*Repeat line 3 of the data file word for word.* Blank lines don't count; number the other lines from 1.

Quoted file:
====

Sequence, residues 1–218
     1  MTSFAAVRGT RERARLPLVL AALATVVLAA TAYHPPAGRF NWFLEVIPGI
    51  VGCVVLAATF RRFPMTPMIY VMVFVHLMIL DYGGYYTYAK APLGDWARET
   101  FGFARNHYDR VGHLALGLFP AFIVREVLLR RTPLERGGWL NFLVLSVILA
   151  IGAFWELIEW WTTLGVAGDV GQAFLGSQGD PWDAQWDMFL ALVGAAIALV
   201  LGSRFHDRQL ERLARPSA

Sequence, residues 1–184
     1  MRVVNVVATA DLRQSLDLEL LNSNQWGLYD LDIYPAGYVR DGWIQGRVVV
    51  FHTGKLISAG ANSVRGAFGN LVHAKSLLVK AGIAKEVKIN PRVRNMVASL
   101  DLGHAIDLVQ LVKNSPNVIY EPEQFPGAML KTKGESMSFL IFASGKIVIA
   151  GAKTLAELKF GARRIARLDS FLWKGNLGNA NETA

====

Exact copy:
    51  VGCVVLAATF RRFPMTPMIY VMVFVHLMIL DYGGYYTYAK APLGDWARET